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City of Atlanta's IT gear thoroughly pwned by ransomware nasty

Data gone with the wind as attacker goes full Sherman

Updated IT systems used by the City of Atlanta, in the US state of Georgia, have succumbed to a ransomware attack, cutting off some online city services and potentially putting the personal information of employees and citizens at risk.

At a press conference held on Thursday afternoon, Atlanta Mayor Keisha Lance Bottoms said the extent of the attack remains unknown and is under active investigation. "This is a very serious situation," she said.

She advised anyone who has given personal information to the City of Atlanta online that would have been stored in its servers to be vigilant about the potential misuse of that data and to check their online accounts for suspicious activity.

Richard Cox, Atlanta's new COO, said Atlanta officials were made aware of the outage at 0540 on Thursday and that the incident has affected both public and internal applications used by the city.

"The City of Atlanta has experienced a ransomware cyber attack," he said. "This attack has encrypted some of the city data. However we are still validating the extent of the compromise."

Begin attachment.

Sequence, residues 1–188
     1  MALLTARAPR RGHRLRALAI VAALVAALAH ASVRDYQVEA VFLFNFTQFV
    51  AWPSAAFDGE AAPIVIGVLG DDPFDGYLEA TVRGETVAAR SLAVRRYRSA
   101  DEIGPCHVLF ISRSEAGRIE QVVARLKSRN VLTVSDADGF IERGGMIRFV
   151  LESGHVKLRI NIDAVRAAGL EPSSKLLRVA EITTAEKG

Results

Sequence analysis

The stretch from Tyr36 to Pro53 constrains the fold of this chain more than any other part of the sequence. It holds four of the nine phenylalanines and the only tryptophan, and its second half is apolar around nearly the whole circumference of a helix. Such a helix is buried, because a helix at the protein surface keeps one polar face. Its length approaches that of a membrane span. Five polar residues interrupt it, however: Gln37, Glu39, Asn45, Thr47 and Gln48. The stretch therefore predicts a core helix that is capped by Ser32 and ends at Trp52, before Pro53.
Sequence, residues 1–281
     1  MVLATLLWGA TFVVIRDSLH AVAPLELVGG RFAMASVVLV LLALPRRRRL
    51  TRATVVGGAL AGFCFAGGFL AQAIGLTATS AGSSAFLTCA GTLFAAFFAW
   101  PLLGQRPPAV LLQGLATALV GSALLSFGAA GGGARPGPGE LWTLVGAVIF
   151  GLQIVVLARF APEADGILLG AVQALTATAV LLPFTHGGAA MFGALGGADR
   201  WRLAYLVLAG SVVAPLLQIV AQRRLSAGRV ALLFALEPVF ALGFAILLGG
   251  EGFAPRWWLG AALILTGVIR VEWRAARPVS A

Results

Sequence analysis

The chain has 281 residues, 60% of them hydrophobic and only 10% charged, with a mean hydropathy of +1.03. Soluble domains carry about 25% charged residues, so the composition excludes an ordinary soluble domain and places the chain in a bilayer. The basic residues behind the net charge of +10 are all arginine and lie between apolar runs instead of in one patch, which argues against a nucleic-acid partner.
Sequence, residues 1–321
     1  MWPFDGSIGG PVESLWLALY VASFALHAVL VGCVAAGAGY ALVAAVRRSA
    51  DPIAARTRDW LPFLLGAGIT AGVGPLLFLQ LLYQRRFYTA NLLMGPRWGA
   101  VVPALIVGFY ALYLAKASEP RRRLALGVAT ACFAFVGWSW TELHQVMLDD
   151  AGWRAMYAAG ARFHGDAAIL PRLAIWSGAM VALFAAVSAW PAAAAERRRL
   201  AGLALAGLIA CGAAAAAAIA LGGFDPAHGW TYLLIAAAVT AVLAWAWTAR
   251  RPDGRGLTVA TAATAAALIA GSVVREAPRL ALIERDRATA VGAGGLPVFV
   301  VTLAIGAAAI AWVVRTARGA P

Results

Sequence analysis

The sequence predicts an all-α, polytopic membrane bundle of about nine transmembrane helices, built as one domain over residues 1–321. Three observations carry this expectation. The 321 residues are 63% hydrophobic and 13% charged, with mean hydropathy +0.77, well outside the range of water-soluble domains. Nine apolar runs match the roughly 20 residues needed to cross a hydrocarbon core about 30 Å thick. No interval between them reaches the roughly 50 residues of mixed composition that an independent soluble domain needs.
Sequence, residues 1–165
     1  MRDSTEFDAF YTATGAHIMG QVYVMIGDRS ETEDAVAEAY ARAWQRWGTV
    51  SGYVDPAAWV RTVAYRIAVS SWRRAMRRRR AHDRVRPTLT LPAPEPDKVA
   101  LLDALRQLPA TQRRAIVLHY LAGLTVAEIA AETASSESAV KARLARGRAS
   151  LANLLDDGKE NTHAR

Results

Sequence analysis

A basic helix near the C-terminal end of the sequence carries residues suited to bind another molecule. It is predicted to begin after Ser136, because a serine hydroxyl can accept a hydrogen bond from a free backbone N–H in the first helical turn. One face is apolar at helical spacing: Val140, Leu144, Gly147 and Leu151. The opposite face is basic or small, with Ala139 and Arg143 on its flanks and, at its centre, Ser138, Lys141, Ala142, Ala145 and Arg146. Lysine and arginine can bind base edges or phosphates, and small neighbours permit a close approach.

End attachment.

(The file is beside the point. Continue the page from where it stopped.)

Applications for paying city bills and accessing court information online have had outages, Cox said, while the departments responsible for public safety, water services operation and the airport are operating without incident.

Payroll systems for city employees is not affected, he said.

Cox said that the Atlanta officials are working with the FBI and the Department of Homeland Security, along with teams from Microsoft and Cisco, to investigate the attack.

Asked whether the city intends to pay the ransom, Mayor Bottoms said that hasn't been determined. ®

Updated to add

Atlanta NBC affiliate WXIA reports that a screenshot provided by a city employee reveals the attackers want $51,000 to unlock the data. The news station says the malware involved resembles the “MSIL” or “Samas” (SAMSAM) ransomware strain that has been circulating since at least 2016.

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